My adult daughter has commuted two hours each way for work for many years. She complains, and I suggest to her to find a job locally or a shorter commute. I sent her an amazing job advertisement with more money, less commute, job advancement, etc. She said that she didn’t want my help.
However, she asked her siblings for help with looking for a new job but didn’t follow through on the resume and interview. I don’t understand.
She was always an A student but I see her struggling and it’s so hard. She deserves to earn more money, commute less, have job advancement and opportunities.
My partner always says to me, “Stop. Leave her alone.” He’s always minimizing my feelings. I see that my daughter’s exhausted physically, mentally and emotionally. How can I help? Can you help?
Your worries about your daughter’s well-being are natural. But your persistence at offering her advice she won’t follow is counter-productive, even divisive.
She’s repeatedly been clear: She does not want your help.
This is a conflict embedded in your relationship. That doesn’t mean you’ve done everything wrong. Rather, it means there’ve been past issues on which you two have never agreed nor tried to resolve together.
You can change this dynamic by appreciating your daughter as she is - independent, and steadfast at the work she does, despite inconveniences and lack of advancement.
Why does she make those choices? That’s her private business, for which she’s unwilling to answer.
Your role with this adult daughter is to back off on all criticism, and be warm and receptive when you see her.
Your partner put it simply - “Stop” all critical judgement.
If you feel a need for personal help on this, talk to a social work counsellor or other therapist, on your own. Your daughter is unlikely to agree to attend with you.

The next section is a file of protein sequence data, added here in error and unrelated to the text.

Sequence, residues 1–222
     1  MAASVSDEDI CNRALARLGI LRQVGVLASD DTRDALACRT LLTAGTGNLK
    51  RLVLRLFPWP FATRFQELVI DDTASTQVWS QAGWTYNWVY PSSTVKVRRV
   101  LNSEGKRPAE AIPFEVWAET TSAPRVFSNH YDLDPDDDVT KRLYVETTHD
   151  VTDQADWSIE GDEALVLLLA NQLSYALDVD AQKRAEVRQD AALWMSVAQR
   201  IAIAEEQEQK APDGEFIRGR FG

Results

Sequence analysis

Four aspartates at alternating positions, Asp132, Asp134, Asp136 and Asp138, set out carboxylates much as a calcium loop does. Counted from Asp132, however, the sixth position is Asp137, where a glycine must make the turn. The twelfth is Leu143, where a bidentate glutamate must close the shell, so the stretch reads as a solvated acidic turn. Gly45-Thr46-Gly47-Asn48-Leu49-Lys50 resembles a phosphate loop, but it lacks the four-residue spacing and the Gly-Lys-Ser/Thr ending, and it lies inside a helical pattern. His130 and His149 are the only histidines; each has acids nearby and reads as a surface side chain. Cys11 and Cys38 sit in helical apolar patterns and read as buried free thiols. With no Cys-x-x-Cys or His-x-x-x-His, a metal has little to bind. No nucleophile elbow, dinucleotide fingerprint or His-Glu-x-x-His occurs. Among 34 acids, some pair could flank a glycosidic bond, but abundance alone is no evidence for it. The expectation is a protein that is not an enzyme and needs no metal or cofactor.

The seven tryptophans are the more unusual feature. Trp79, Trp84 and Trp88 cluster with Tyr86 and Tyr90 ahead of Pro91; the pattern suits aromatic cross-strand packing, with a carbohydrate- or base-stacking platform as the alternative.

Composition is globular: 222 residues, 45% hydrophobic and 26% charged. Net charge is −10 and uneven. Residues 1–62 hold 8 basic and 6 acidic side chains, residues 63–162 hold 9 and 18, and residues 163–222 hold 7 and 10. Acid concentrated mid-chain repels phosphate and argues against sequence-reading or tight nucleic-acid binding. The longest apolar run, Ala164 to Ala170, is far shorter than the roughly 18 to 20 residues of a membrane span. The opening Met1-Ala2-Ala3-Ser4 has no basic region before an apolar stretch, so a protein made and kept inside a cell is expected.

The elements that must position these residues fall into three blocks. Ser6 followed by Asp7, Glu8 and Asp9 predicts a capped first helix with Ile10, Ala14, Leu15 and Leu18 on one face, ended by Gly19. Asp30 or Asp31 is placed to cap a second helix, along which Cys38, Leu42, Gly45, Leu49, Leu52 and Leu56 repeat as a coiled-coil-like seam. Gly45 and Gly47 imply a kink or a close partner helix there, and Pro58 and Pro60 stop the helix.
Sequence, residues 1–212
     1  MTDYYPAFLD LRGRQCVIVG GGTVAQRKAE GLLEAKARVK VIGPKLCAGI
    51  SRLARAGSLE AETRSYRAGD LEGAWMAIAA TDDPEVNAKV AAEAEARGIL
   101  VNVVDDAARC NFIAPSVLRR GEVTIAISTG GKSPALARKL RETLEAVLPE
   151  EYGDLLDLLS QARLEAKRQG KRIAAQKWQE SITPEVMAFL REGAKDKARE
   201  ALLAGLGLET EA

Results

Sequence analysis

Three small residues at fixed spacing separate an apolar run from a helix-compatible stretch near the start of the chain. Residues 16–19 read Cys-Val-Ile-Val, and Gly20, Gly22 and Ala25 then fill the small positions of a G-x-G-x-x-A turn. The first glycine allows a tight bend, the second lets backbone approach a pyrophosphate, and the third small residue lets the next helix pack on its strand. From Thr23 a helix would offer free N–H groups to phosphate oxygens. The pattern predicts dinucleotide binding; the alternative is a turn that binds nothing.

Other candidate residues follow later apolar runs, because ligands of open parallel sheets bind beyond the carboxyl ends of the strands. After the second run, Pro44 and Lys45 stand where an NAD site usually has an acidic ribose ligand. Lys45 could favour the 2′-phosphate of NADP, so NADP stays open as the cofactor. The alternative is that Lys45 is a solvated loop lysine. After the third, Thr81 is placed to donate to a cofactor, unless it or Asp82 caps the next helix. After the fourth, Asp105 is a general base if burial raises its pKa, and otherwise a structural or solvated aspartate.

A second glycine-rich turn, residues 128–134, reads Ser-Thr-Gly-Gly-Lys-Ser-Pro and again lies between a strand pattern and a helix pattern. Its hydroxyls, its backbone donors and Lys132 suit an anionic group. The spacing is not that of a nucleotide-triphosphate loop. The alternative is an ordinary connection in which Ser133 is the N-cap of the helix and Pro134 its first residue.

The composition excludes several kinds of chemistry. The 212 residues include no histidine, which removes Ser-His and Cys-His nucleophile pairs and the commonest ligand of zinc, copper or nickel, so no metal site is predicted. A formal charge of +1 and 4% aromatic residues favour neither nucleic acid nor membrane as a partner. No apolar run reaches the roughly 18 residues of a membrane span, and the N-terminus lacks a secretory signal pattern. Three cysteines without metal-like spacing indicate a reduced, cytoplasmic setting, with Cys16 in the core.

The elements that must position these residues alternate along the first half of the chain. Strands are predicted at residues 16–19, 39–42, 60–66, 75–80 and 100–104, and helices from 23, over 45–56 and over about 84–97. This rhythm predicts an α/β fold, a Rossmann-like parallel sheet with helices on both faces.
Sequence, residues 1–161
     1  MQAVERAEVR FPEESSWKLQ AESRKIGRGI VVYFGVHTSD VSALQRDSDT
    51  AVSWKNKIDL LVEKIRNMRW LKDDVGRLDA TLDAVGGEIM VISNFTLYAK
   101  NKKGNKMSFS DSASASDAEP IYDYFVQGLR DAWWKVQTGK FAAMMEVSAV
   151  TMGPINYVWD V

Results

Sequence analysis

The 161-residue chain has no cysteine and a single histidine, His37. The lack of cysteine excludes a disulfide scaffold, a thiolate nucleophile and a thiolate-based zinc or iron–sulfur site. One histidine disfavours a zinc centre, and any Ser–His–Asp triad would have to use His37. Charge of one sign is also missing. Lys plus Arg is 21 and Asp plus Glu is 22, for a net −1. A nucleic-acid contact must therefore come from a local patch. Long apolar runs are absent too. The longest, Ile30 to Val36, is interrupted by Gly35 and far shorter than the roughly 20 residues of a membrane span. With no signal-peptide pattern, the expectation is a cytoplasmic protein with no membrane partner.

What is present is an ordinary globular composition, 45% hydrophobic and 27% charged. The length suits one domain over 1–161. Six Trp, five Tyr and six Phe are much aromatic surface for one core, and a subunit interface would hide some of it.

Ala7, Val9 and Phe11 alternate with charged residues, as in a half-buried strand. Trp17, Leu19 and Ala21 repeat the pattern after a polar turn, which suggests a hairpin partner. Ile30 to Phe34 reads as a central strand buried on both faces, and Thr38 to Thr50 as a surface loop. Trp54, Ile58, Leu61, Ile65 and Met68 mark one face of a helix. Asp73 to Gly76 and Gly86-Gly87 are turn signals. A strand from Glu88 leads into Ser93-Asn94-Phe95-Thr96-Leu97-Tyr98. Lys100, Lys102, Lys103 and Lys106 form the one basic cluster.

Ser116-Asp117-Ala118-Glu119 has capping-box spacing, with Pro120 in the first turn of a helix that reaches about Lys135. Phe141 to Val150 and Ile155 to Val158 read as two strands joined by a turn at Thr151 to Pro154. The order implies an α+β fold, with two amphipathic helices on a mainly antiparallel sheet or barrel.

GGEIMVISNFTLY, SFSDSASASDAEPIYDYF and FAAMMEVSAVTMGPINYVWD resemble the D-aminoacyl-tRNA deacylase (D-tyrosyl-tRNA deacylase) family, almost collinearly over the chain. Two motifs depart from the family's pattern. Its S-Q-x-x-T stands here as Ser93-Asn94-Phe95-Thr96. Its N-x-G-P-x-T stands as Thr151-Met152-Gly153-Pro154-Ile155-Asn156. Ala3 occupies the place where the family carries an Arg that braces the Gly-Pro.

Reader’s Commentary Regarding the wife wondering whether her nurturing, tidying and low-passion husband is gay (Dec. 8):
“The husband described as an only-child who all the housework, is and was me.
“Through my personal experience and also attending ACA (Adult Children of Alcoholics/Dysfunctional Families meetings - a 12-step, 12-tradition program of people who grew up in dysfunctional homes) meetings I learned that the reason I was driven to do it all, was because of my childhood. I did it to be liked and loved by my parents... to get approval and attention.
“I acted this way for decades in friendships, work and partners. My first marriage ended after 10 years when I was called a control freak.
“In another relationship, I’ve discovered my defects and took ownership and apologized for my part in the marriage.
“My current 29-year relationship is rock solid as we both attend ACA meetings. We learned how to talk to each other by sharing openly and honestly in those meetings. “I- statements” are the important part of living honestly. I now say what I mean, mean what I say and don’t say it meanly.
“The letter-writer’s husband isn’t broken, but he’s living the normal that he knows.”
FEEDBACK Further resources: Everyone should read Lindsay C. Gibson's books on recovering from emotionally immature parents, Adult Children of Emotionally Immature Parents: How to Heal from Distant, Rejecting, Or Self-Involved Parents.
Reader – “It’s essential reading if your parents were/are narcissistic or downright malignant. The books are also elegantly written, simple, lean, and concise.”
FEEDBACK Regarding toxic mothers (Dec. 7):
Reader – “Every day of my childhood my mother told us how much she disliked children and wished we’d never been born.
“I harbored a lot of anger for years. Finally, I grew up, started telling myself that the future was what I choose to make it. She had no control over me anymore.
“Several years later I forgave her because I realized and said, "I have no understanding of your early life and how you became who you are."
“I wanted my children. I had the freedom to choose. My mother did not. She was saddled with eight children when she wanted none! She never became kind but I learned to be kind to her.
“Carrying all those resentments was like a cancer that’d destroy me if I didn’t let go.
“When she died, I felt no guilt nor grief. I’d been dutiful to the end.”
Tip of the day:
Many parent/adult child relationships are strained due to harsh beginnings. But the potential for change may be hiding in plain sight: Adult self-acceptance.